Cyprus-US: One Way?

Less than a few weeks after the announcement of the drilling results of the US company Exxon Mobil regarding Block 10 of the Exclusive Economic Zone of Cyprus, we witnessed exponential growth in Washington’s attention to our small bedeviled island. Undoubtedly, the Cyprus government weighs the potential advantage.  Official statements churned out speak of bright future for the Cypriot people. The Republic of Cyprus is single handedly baptized a ‘strategic partner of the US’ whilst an unmistakable euphoria seizes the Cypriot ministers who start to think of themselves, and by extension of the island itself, as the main US ally in the region. Apparently, the Cypriot leadership is rapidly moving into the ‘open embrace’ of the West. Admittedly, a new domestic political struggle is on the rise: our leaders are vying to bestow themselves the title of main White House protégé. No sooner said than done, Senator Menendez calls the ‘moment great for Cyprus to form a new relationship with US and West’ while he submits – with Republican Florida Senator Marco Rubio – a 19-page bill designed to forge ‘friendly ties’ between Lefkosia and Washington, including the arms sales embargo lift. Who has paid the prize of the 45 year old arms sales embargo on the victim – Cyprus – while the aggressor – Turkey continued importing billions of dollars-worth of US arms?

US foreign policy may be driven by a burning desire to achieve global dominance. What does Cyprus stand to gain from such designs? What if Cyprus is selected as the next victim in Washington’s geopolitical games in the Eastern Mediterranean? There are serious doubts about how beneficial this game is for the Cypriot people. What do we stand to gain as the West assigns to our troubled island the role of the bulwark of its ambitions in the region?

Modern history abounds of sad examples in which Washington’s interference in foreign countries turned out a nasty affair. One of the most recent striking example is Ukraine. For five years, President Poroshenko served with ardent zeal the interests of the White House, dashing his own people’s hopes for a better future. He fulfilled his personal task in full: during this period his income increased manifold. Rampant corruption and profiteering have been the main characteristics of his term in power.  This sorry state of affairs in the ex-Soviet country continued unpunished by his Western protectors. However, his days were counted: the Ukrainian people casting their vote stopped him short. Poroshenko (hence the US protégé in Ukraine) – received less than a quarter of the total votes – three times less votes than Zelensky’s, the winner artist, in the second round of presidential elections held last weekend.

Whether Poroshenko’s quarter of the votes corresponds to the true level of popular support for him is still a controversial question. The civil and religious war unleashed by the US protégé, the utterly destroyed economy, the poverty and despair of the Ukrainian people do not come as nearly as close to a complete list of Poroshenko’s “achievements” with his pro-American team.

It is always easier to destroy than to build and develop what has already been achieved. Washington offers a path that seems easier and light-hearted. It is naive to believe that Americans care about the welfare of the Cypriot people. Taking into account the experience of Ukraine and other countries, it is easy to guess what to expect from an imposed American friendship. A number of actions of the Cypriot government can hardly be called constructive in terms of their compliance with the interests of the people. This is the only way to explain the visits of our leadership to some Western countries at the time Cypriot people celebrate national holidays and honour the memory of the heroes who gave their lives in the fight for independence from the colonial yoke of the current Western partners.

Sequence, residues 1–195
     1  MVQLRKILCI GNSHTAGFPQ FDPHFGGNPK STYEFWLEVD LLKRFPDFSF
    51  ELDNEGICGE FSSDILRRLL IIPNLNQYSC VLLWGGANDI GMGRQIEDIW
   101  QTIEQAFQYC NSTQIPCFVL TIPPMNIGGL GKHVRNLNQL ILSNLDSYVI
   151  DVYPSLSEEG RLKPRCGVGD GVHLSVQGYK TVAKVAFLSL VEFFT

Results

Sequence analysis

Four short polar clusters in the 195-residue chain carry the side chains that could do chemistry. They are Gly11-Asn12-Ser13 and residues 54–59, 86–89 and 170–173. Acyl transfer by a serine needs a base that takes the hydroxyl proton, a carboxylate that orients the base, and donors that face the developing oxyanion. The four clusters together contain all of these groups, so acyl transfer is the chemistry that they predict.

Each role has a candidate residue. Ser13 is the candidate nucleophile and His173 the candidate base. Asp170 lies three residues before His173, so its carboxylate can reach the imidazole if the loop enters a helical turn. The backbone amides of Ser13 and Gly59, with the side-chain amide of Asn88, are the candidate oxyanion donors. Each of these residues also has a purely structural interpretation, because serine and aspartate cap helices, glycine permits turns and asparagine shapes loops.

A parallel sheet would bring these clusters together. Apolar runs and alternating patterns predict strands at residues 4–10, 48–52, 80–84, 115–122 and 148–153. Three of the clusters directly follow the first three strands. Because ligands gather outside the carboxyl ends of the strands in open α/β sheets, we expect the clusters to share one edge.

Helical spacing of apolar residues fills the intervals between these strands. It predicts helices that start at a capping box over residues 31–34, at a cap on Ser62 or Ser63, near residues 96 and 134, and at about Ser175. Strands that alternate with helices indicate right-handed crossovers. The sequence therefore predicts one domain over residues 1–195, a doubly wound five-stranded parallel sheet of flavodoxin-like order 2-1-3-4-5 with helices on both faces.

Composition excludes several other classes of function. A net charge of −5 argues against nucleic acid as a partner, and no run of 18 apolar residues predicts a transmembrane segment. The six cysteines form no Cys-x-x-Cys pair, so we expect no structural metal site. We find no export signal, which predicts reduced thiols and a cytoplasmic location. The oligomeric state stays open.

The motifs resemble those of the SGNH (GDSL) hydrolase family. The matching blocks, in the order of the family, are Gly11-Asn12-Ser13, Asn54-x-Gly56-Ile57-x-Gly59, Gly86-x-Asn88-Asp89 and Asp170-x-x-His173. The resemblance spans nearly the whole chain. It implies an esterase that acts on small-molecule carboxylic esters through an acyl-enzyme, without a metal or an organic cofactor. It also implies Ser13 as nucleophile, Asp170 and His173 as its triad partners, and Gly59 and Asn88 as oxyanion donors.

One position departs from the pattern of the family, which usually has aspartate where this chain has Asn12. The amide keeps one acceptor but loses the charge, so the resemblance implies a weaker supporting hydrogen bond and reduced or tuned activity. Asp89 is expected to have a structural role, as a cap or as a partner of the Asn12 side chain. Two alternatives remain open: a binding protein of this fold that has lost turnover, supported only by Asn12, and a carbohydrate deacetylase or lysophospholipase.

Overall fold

Turkey and the UK, both staunch NATO members control, in aggregate, two fifths of the island’s territory. Is this undeniable fact to be ignored? Is it the aim for which our people fought in the middle of the last century? Are we putting a noose on our neck and meekly wait for the command of the neo-colonial master? Oddly enough, sometimes it seems that the noose is already thrown around the neck of some of our leaders. It is difficult to explain the rumors about the negative decision of the Cypriot leadership for Russian warships participation in the multinational search and rescue exercise scheduled for the end of May in Cyprus’ waters.

The invitation to Moscow to participate was issued. The Cypriot side with genuine satisfaction accepted the consent of the Russians to take part. Then, all of a sudden, only a week later, Lefkosia changes her mind offering a far-fetched pretext. Undoubtedly, such an inconsiderate decision deals a serious blow to the integrity, competence and professionalism of our leadership. Would it be far-fetched to infer the Cypriot government deliberately descends to this humiliation for the sake of serving American ambitions? This sad incident militates against the declared multi-dimensional foreign policy concept of the Cypriot government. Probably for someone in charge in Lefkosia it is more important to be praised by this or that Senator or the new US ambassador.

Would the common Cypriot in the street trust this mono-dimensional West-oriented foreign policy or a more balanced multi-dimensional one, through which neither Moscow, nor any other pole of power, is ignored? With the lessons of recent history in their minds, we would argue that Cypriot people undoubtedly favour a more balanced approach in our foreign relations passing the message that we are masters of ourselves.